Kane judge to decide if marijuana law is unconstitutional
A Kane County judge will rule Oct. 28 whether to declare unconstitutional a state law that considers a driver automatically impaired and criminally responsible for a crash if they have any amount of an illegal substance in their system.
"The legislature chooses its words and we're required to interpret those words," Judge Allen Anderson said. "No court should easily find a statute unconstitutional."
Alia Bernard, 27, of Aurora is accused of having marijuana in her system when she caused a May 2009 crash in Elburn that killed Wade and Denise Thomas of St. Charles.
If convicted of two counts of aggravated DUI, she could face up to 28 years in prison and would have to serve 85 percent of any sentence.
Defense attorney Bruce Brandwein argued Thursday that the law violates a person's right to equal protection under law. Brandwein said a person could smoke marijuana legally in California, drive to Illinois a week later and be involved in a fatal accident, but the California resident would be treated differently than an Illinois resident who did the same thing here.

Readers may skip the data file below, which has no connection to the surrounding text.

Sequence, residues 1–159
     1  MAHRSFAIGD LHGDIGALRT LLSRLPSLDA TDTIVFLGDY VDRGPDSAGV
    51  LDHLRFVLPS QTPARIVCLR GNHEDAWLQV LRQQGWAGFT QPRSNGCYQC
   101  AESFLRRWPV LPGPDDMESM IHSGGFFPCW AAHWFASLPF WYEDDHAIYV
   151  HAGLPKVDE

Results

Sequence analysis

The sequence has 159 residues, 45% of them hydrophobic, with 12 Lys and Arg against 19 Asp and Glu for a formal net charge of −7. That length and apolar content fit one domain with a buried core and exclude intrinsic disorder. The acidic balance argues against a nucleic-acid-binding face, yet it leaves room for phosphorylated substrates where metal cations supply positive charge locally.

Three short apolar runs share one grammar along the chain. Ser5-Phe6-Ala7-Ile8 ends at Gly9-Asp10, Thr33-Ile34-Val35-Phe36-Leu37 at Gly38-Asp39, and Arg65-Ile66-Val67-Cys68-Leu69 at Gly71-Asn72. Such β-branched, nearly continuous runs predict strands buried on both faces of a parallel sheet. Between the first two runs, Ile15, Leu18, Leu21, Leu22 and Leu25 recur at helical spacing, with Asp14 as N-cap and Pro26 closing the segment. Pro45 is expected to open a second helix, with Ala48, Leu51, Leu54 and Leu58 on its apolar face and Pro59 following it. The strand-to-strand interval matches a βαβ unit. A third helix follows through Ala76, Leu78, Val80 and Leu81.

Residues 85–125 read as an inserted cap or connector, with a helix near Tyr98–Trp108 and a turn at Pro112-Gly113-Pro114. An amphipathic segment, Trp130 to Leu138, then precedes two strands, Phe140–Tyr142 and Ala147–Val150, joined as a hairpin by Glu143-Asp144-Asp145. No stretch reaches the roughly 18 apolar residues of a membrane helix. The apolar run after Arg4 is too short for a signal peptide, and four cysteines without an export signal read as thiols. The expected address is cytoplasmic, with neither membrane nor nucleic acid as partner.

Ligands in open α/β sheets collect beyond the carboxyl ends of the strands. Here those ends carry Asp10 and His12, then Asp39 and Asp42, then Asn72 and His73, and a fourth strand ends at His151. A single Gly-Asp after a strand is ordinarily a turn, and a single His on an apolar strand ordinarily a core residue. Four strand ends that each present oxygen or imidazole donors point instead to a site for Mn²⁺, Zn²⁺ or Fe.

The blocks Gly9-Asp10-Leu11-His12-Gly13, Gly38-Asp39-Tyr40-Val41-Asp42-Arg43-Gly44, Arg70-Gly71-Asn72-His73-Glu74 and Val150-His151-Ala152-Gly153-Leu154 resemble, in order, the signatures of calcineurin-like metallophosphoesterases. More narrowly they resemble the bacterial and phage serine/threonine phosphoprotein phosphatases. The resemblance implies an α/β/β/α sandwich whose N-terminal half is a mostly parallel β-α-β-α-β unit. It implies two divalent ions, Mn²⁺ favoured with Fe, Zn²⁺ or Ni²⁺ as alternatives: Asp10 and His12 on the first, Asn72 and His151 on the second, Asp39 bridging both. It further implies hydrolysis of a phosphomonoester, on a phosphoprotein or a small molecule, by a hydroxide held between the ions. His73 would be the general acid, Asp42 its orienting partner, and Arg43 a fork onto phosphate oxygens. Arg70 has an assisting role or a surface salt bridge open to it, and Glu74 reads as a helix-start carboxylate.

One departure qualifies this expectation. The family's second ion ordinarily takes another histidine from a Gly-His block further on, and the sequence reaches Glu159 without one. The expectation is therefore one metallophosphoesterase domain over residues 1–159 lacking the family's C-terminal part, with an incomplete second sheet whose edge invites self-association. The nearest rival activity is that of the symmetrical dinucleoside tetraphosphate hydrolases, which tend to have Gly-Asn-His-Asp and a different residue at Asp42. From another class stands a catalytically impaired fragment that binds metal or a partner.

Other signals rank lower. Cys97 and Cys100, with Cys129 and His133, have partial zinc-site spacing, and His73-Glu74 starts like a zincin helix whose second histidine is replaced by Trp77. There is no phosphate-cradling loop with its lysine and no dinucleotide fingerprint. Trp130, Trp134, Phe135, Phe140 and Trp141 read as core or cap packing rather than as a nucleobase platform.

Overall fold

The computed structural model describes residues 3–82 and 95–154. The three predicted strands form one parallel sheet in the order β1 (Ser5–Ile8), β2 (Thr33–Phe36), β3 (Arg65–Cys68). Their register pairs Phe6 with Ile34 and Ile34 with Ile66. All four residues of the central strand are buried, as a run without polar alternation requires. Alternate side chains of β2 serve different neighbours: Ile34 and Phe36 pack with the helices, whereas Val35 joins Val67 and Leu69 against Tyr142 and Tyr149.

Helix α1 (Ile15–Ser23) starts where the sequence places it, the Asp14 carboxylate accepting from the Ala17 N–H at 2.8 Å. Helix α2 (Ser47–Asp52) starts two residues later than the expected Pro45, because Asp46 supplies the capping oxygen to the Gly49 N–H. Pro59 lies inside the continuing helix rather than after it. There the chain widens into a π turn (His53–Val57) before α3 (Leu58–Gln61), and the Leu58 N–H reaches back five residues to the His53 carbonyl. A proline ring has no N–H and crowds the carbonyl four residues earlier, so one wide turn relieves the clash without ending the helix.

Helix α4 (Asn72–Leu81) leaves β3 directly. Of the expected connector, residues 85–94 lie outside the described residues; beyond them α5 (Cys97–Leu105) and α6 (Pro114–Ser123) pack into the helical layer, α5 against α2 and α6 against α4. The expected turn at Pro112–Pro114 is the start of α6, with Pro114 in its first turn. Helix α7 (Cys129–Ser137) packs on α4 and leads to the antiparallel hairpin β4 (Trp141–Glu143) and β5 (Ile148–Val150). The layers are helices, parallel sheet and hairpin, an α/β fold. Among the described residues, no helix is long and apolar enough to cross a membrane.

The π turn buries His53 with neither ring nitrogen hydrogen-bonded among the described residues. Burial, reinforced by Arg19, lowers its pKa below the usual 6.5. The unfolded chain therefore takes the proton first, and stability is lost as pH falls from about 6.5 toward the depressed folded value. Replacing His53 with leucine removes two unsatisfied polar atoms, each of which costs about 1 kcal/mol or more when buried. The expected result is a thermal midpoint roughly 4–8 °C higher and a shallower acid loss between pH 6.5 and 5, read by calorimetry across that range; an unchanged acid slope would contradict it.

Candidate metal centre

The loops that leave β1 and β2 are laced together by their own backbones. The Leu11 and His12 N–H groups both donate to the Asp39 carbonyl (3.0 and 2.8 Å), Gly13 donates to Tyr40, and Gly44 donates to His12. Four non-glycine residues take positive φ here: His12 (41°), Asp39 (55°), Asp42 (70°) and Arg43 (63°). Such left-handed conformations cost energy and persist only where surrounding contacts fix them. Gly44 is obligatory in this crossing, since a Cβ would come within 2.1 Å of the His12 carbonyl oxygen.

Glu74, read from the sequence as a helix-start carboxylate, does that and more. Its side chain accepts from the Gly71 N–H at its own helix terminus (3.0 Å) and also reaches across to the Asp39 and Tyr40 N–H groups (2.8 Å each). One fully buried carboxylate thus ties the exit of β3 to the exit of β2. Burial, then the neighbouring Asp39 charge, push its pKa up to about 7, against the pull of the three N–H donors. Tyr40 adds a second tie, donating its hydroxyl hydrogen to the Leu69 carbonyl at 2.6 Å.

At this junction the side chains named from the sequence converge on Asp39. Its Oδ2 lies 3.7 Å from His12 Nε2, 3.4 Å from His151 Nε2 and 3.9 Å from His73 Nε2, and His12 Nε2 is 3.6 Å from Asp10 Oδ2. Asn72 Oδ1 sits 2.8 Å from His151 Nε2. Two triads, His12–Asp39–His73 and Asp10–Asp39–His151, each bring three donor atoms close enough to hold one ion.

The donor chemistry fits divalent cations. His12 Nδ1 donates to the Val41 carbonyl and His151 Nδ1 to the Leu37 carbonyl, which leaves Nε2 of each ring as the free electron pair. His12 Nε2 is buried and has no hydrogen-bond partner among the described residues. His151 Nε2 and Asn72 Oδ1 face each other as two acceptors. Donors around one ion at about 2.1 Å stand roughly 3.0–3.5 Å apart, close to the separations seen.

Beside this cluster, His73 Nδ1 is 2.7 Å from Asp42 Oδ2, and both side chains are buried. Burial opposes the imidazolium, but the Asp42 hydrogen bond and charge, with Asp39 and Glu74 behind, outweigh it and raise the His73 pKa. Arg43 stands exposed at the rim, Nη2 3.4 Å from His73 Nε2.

"The statute, in my opinion, is vague. There is lawful consumption in other states," he said, adding that lawmakers incorrectly used the word "unlawful" in the crafting the law.
"They were more concerned with making this a per se violation," he said. "There's no impairment, that's what we're arguing here."
First Assistant State's Attorney Jodi Gleason argued appellate courts have upheld use of the work "unlawful" in past cases. For example, person could have a legal prescription for a drug that would otherwise be charged as unlawful possession of a controlled substance.
"There is no lawful use of cannabis in Illinois," she said.
Bernard, who is free on bond, was indicted in May 2010 for causing the May 23, 2009 crash when she rear-ended a car that was waiting to turn left. The impact pushed that car into an oncoming pack of motorcyclists on a charity ride. The crash near Smith Road and Route 47 caused a nine-vehicle pileup and also injured 12 others.
If Anderson declares the law unconstitutional, it could torpedo the state's case. If he upholds it, a trial date will be set.
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